- DisCOs are designed to be federated
DisCOs replicate through a standard federation protocol that allows critical mass without regimenting all parts.
The Q&A after Irene’s presentation was a rapid exchange of suggestions, clarifications and examples both requested by and brought generously forward by the different collectives present. The audience was very keen to hear about care practices, and how the collectives participating in the DisCO LABs programme approach them. Questions around the “how to” popped up from different people, so we gave examples coming from our daily practices in DisCO.coop, i.e. the Daily Check-in where each day, we respond to these five prompts:
Yesterday – what we did in terms of work on DisCO (this is our DisCO accountability bit, plus anything around that).
Today – how we’re feeling, how we’re showing up today.
Blocks – what’s standing in our way, if anything?
Well-being – what are we doing to care for ourselves?
Gratitude – let us know what you’re feeling grateful for today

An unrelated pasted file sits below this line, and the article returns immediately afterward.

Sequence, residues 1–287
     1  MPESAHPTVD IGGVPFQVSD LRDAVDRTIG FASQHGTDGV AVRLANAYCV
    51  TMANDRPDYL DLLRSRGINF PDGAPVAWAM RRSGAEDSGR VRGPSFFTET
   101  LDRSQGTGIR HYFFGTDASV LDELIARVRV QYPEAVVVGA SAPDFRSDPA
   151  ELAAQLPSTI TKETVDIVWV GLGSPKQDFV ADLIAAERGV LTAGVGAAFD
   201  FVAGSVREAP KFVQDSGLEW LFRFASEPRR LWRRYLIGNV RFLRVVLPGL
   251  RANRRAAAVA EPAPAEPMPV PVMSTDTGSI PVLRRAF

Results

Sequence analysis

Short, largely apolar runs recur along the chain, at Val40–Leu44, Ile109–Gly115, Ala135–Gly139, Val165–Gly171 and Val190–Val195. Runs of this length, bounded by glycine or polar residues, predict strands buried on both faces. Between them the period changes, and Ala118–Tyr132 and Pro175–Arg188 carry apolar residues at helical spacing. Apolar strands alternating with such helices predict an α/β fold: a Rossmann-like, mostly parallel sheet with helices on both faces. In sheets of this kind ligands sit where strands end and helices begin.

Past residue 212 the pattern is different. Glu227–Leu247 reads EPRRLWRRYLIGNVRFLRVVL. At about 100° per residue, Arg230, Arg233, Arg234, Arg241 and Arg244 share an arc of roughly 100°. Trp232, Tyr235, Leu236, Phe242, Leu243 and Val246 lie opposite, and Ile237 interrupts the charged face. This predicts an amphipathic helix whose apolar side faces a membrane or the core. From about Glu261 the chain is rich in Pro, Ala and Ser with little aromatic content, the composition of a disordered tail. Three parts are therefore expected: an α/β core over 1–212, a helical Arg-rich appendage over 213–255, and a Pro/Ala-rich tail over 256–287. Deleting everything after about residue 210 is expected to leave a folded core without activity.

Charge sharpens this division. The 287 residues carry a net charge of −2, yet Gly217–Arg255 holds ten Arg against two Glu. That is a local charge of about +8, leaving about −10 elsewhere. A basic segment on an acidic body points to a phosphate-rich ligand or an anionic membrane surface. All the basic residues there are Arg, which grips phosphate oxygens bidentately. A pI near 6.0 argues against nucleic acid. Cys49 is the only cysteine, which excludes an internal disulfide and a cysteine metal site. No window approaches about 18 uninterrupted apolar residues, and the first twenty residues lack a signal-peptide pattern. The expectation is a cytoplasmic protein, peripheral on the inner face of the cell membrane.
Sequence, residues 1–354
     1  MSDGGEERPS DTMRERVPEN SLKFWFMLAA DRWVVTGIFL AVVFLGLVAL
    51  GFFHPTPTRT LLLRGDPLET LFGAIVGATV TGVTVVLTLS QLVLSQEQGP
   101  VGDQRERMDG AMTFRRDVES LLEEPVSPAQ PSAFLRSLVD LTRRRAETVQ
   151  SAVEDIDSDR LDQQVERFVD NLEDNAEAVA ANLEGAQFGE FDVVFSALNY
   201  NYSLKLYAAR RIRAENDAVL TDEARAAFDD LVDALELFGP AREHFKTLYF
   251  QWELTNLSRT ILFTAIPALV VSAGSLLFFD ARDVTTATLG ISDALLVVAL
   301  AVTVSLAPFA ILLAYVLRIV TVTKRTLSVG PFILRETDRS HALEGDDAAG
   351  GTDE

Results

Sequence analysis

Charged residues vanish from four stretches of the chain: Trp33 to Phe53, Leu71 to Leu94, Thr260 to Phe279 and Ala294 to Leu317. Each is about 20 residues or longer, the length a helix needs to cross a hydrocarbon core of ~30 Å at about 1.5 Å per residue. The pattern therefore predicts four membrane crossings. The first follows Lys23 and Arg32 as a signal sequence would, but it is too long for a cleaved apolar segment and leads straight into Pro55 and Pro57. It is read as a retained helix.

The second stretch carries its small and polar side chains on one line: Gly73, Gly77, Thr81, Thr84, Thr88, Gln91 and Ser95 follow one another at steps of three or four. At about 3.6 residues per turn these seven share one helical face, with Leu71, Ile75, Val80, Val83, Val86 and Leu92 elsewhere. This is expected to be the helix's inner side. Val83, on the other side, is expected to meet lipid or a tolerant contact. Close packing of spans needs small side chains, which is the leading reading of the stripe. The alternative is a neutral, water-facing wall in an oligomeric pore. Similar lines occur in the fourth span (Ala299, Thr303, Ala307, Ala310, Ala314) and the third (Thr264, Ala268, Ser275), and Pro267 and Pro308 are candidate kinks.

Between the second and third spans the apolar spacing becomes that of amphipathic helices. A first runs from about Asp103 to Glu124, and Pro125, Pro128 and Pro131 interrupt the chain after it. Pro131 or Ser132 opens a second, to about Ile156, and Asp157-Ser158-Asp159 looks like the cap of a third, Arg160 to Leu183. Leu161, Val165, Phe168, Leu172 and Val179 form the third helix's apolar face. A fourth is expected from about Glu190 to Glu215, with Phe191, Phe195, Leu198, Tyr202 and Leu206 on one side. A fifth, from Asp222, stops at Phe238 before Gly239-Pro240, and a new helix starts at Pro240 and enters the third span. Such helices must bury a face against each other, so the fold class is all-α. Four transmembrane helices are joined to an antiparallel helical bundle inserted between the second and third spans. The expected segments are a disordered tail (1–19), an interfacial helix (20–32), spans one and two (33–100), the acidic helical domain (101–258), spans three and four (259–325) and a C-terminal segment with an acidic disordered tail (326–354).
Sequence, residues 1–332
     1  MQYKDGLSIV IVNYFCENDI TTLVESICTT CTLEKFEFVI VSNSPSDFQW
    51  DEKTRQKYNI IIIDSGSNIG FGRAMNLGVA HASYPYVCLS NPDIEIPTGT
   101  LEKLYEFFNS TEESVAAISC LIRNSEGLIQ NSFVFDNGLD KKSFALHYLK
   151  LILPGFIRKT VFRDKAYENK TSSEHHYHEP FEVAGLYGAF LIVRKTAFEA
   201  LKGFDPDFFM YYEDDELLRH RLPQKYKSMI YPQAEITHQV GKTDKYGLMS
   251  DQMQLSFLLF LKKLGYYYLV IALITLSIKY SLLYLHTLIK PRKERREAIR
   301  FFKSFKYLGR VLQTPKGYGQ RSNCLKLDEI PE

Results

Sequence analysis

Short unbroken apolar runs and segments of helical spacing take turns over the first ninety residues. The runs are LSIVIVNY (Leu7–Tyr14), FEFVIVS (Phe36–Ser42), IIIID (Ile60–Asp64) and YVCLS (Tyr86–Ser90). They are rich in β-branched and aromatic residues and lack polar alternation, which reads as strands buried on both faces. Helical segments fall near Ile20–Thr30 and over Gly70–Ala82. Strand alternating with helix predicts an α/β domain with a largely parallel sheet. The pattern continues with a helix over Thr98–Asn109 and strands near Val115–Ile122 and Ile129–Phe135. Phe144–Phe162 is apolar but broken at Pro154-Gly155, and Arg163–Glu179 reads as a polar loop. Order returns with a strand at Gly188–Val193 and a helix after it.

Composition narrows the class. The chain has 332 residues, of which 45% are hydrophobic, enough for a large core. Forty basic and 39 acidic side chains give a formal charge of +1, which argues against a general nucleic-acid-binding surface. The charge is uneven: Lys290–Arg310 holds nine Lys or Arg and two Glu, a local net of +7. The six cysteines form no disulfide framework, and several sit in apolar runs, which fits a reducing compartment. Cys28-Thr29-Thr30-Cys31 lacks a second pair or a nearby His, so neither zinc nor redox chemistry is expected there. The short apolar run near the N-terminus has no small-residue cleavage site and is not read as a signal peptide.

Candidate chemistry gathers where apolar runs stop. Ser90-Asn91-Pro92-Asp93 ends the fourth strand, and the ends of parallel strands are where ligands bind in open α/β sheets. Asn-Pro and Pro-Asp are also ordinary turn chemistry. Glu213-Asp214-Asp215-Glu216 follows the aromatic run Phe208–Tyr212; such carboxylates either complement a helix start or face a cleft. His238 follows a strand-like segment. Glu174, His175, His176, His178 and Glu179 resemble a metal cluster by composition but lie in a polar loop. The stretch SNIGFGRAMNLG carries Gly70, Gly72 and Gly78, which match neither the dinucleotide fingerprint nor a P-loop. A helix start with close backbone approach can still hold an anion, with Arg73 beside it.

Besides, we have our Mutual Support practices, where each month each of us are assigned another team member to talk to and support and viceversa, so we can understand what others in the team are feeling and going through, get to know them better and develop further trust within the group.
We also made clear that these practices are very specific to each group and can take different shapes and forms. For example, the Daily Check-in can have other points, less or more, be written or visual; mutual support structures can be structured on a one-to-one basis, or as “conga lines”, or specific “care squads” that tackle conflict when it arises using non-violent communication (NVC) practices; care practices can also be rotating activities nobody wants to do like cleaning common spaces, doing the administrative work that pretty much everybody dislikes…. Each community, each collective needs to decide what care practices are needed to sustain the health and well-being of the group and contribute to strengthening the trust relationships.